Jackson, who died in 2009 of an overdose of the drugs propofol and benzodiazepine, leaves a sprawling musical legacy and, presumably, a vast estate. However, years of rumours and controversy have tarnished not only the star’s legacy but the value of his estate.
Neverland Ranch, where Jackson lived for 15 years, was recently put back on the market for $31 million USD, a nearly 70% discount from its original asking price of $100 million USD in 2015. Jackson paid $17.5 million USD for the property in 1988. The ranch, which has been named Sycamore Valley Ranch, has been remodeled since Jackson’s death and sits on 2,700 acres on the edge of the Los Padres National Forest. It’s difficult to put a number on what the home is actually worth, as it’s a unique property with a troubled history, but according to Zillow, a 10-acre lot nearby in Los Olivos is on the market for $920,000 USD. That would set the cost per acre at a little over $90,000 USD, making Neverland Ranch severely underpriced based on acreage alone.
However, time and scandal have not slowed the massive amount of money that the Jackson estate has made. According to Forbes, the King of Pop has made $2.1 billion USD (adjusted for inflation), since his death.
Adjusted for inflation, the King of Pop has made $2.1 billion USD since his death.
A child star, Jackson first performed and recorded with his brothers in The Jackson 5 for Motown Records. Collectively, the group sold millions of albums over their short run in the ‘70s, with the biggest seller being their first Greatest Hits album, released in 1971.
However, the big money started rolling in when Thriller, his second solo album after leaving Motown, became one of the best-selling albums of all time, with 33 million copies sold (back when people bought albums) in the U.S. Over the course of his career Jackson has sold over a billion albums worldwide, Billboard reports, with Thriller alone accounting for 110 million of those sales.
In 1983, Jackson signed a record-breaking deal with Pepsi with the potential to pay out $5 million USD. The multi-faceted marketing deal, which included ads with a reworked version of the mega-hit “Billie Jean,” tour sponsorship, Jackson logos on the cans, and events with the singer, was first pitched to Coca-Cola, according to Billboard. Coke reportedly passed on the sponsorship, which saw Pepsi sales grow and surpass Coca-Cola, as they saw Jackson as a “more targeted, ethnic campaign.”
At the time, the deal made the Guinness World Records as the most lucrative personal endorsement contract to date, and paved the way for massive paydays for artists such as Beyoncé.
At this point, the singer had established himself as a brand, and shrewd businessman. In 1985, he bought the publishing rights to the Beatles’ early catalog, including many of their greatest hits, for $47.5 million USD. This allowed Jackson to license songs such as “Revolution” to Nike for an ad that ran in 1988 and spurred a lawsuit from the Beatles, who did not want their music used to sell sneakers (it was a very different time). The song licensing reportedly cost Nike $250,000 USD, according to Investopedia. And that was for just one song.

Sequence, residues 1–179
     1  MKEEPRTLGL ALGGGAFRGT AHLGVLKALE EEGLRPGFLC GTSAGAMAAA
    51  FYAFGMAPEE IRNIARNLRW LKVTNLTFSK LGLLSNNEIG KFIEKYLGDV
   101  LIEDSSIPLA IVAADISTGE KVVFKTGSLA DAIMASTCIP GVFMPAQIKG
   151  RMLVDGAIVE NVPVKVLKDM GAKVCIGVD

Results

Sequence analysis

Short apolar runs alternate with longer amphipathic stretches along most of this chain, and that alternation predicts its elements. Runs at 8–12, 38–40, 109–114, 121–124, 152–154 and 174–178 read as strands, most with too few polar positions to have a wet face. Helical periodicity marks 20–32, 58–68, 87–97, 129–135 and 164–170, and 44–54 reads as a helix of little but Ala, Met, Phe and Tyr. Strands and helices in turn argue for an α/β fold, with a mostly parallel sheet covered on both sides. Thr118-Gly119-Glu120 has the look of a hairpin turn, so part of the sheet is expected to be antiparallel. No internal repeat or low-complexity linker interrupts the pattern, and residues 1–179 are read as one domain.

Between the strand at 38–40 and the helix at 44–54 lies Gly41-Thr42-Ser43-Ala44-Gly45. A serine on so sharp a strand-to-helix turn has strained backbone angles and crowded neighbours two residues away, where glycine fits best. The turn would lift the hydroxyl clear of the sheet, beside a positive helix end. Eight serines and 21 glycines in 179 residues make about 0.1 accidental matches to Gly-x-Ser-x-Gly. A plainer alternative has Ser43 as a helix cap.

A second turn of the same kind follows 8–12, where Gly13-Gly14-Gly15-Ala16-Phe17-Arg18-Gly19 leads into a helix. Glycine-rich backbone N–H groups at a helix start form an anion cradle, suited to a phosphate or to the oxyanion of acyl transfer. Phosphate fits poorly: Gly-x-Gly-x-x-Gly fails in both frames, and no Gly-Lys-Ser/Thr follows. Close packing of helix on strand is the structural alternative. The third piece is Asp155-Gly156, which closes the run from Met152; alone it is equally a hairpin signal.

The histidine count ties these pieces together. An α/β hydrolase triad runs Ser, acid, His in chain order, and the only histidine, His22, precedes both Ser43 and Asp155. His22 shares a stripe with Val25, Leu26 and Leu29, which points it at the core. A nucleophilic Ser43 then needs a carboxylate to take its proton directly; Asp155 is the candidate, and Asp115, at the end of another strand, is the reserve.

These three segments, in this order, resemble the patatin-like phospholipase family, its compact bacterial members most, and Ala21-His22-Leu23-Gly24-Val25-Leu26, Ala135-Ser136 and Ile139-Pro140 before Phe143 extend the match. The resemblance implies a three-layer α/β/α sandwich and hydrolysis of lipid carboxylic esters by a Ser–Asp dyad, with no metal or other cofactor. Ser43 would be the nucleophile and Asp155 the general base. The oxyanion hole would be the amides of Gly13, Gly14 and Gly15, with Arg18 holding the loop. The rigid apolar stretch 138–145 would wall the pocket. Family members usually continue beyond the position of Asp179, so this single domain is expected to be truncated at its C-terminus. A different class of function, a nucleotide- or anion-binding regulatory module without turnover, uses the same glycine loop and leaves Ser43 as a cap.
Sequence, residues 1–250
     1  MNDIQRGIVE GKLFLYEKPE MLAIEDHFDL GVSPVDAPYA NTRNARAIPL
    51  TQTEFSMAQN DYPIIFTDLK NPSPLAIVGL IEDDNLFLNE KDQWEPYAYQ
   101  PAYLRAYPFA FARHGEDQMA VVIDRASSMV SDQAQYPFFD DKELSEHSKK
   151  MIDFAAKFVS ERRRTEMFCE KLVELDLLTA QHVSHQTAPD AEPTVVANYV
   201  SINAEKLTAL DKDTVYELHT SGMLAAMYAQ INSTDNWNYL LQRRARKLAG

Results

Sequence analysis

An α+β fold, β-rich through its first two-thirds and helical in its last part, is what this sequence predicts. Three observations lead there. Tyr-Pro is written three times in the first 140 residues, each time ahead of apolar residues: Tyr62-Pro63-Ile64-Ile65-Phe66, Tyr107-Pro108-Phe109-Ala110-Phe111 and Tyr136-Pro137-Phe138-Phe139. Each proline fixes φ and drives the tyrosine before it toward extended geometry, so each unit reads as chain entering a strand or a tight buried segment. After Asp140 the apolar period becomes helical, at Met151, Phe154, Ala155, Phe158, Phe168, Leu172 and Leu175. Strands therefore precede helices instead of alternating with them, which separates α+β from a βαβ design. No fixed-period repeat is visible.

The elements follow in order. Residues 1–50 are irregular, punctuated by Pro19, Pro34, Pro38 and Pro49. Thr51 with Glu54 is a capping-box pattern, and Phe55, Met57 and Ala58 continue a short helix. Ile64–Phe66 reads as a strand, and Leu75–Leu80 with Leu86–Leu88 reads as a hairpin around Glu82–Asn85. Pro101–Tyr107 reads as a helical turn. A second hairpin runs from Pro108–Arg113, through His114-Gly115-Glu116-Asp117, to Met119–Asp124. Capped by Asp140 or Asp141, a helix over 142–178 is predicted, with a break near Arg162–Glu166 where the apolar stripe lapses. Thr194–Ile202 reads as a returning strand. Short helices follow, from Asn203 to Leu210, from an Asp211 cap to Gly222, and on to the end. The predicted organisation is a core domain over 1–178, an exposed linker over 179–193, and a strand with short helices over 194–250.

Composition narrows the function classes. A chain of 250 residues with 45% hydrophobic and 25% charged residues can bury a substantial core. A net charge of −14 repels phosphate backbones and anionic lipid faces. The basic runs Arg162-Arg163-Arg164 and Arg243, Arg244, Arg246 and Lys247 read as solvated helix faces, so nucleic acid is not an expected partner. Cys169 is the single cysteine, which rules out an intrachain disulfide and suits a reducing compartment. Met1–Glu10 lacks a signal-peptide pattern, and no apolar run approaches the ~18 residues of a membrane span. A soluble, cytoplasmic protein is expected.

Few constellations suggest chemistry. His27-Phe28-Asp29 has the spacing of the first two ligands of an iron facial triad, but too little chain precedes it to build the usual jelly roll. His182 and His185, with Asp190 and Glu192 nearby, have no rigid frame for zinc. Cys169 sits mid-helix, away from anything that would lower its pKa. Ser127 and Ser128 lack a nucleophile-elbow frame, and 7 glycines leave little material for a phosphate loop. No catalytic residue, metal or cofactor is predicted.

In 1995, Jackson merged the catalog with Sony’s, reportedly netting $115 million USD for giving up half ownership of the catalog. His estate sold the partnership for a whopping $750 million USD in 2016.
His estate, The Michael Jackson Family Trust, was a trust-based estate plan put in place by Jackson before his surprise demise. An attorney for the Jackson family, John Branca, and music executive John McClain are co-trustees of the trust, and work to follow through on Jackson’s wishes. Fifty percent of the trust is dedicated to the care and comfort of his mother Katherine for the duration of her life. The other half is split between Jackson’s children, Prince, Paris, and Blanket, according to finance site The Balance. The children do not have unlimited access to the trust. At age 21, they are given the net income of their part of the trust (that’s basically the interest or any money coming in), and cannot touch the principal until they turn 30, when they receive a third outright. The other two-thirds are awarded at ages 35 and 40.
Even in death, Jackson remains one of the hardest-working celebrities. His estate also created a post-mortem tour in partnership with Cirque du Soleil called Michael Jackson: The Immortal World Tour, that reportedly grossed $360 million USD at its conclusion in 2014. According to Money magazine, in 2016 (partly due to that big catalog sale) the singer’s estate pulled in $825 million USD dollars, and his net worth was estimated to be about $500 million USD in 2017. So, while the deceased King of Pop’s reputation has taken a hit with the new allegations, it appears so far, his family bank account has not.